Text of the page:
Crackles, To Go
Just in time for her quick visit to the U.S., I am writing about my friend Jessica, and the care package I sent her in Beijing, China.
Having been advised that it might take a long time to arrive (‘the long boat to China’), I did a little research to see which type of cookie might stay fresh the longest. Too much moisture might lead to mold, too much butter might make them go stale, and too delicate a structure would have them arrive in a thousand pieces. So I settled on these:
Chocolate Polka-Dot Mint Crackles (adapted from A Baker’s Field Guide to Chocolate Chip Cookies, a great book for all you want to know about cookies)
5 oz unsweetened chocolate, chopped
1/2 c (1 stick) unsalted butter, cut into tablespoons
2 c flour (I used 1 c all-purpose, 1/2 c pastry flour, 1/2 c whole wheat pastry flour)
2 t baking powder
1/4 t salt
2 c granulated sugar (I reduced it to 1 c white sugar, 1/2 c brown sugar)
1/2 t mint flavoring (I made half a batch this way, the other half with 1/2 t cardamom and 1/4 t black pepper)
1/2 c white chocolate chips (I despise white chocolate, so went with semi-sweet)
about 1/2 c granulated sugar for rolling
about 1/3 c powdered sugar for rolling
1. Place chocolate and butter together over low heat in a saucepan until mostly melted. Remove from heat and stir together until completely melted and smooth.
2. While that is cooling, whisk flour, baking powder, and salt together in a medium bowl.
3. Then in a large bowl, combine eggs, 2 c (or less) sugar, and your flavoring together (whether mint or cardamom or some other combination), and beat until thick and creamy. Stir chocolate mixture again to smoothness, then beat into egg mixture until it smooths out too. Add 1/3 of the flour mixture to the large bowl, mixing gently. Gradually add remaining flour, stir to combine, then add chocolate chips.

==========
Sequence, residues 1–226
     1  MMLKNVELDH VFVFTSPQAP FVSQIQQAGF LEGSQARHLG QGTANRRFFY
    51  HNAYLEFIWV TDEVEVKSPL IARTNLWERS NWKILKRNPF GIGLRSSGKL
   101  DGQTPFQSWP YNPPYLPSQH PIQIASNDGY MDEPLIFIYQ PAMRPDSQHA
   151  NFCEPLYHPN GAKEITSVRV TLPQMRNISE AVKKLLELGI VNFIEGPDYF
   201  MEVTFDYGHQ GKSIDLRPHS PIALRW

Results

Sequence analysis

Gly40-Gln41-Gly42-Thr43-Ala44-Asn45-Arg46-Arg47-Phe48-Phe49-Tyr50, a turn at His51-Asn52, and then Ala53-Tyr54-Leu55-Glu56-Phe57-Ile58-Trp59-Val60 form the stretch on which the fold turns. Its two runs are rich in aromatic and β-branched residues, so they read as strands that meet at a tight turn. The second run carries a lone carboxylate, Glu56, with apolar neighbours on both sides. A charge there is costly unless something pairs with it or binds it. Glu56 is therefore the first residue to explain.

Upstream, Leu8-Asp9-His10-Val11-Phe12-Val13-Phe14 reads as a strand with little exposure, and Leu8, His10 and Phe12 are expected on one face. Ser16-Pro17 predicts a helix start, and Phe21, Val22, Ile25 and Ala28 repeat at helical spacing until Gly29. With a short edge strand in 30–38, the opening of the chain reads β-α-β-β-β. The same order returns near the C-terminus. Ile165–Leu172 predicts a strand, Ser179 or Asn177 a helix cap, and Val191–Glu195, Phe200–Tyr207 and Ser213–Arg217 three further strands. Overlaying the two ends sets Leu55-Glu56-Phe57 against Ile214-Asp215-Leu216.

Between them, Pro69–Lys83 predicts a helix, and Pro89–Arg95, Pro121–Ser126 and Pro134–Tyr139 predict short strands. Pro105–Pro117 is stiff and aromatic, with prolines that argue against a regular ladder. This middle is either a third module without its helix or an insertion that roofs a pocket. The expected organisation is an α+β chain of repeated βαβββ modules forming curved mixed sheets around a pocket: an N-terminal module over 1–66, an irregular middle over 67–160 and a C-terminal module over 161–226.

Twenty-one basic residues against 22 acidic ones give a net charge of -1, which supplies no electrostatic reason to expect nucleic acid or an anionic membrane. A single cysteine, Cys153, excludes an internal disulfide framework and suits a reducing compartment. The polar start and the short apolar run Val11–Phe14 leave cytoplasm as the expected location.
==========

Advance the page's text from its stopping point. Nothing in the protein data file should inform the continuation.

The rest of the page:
4. Cover bowl with plastic wrap and chill for several hours or overnight (it will thicken to fudge consistency).
5. Preheat oven to 350 F. Line two baking sheets with parchment paper.
6. Put the rolling sugar and powdered sugar in containers (I used an oval tupperware for one and a plate for the other- the tupperware with sides was handy to shake instead of handling the dough a lot).
7. Dip into the dough and roll pieces into 1-inch balls. Roll each ball in the granulated sugar first, then in powdered sugar to coat, shaking off excess. Place balls on cookie sheets 2 inches apart and squash tops slightly.
8. Bake until puffed and crackly in appearance. Since my oven is on crack, I rotated the sheets at 4 minutes, then baked for 5 more, but the book recommends 12 minutes. Only you know your oven well enough to judge.
8. Let set a minute on sheets, then take off with a spatula and place on wire cooling racks until firm and cool.
Makes 4-5 dozen.
They’re a pretty cookie, but two words of warning. When you start dipping and rolling, your hands will get dirty. Like, mudcake dirty. And it would be ideal to have an assistant to open the fridge door or move the baking baking sheets around so you don’t get little blobs of it EV-ERY-WHERE.
Second, if you are waiting between rolling the first batch and the next, put the dough back in the fridge. My first attempt showed quite a difference between those that went into the oven straight from the fridge, and those that waited around while the first batch cooked and cooled. Don’t let this happen to you!
They come out very soft and chewy, and lend themselves to easy variation, so this recipe is definitely a favorite to keep in your back pocket… as long as you have 8 hours to chill!
Do you have a good story or recipe for sending cookies (that made it!)? Do tell! I would love to hear in the comments below.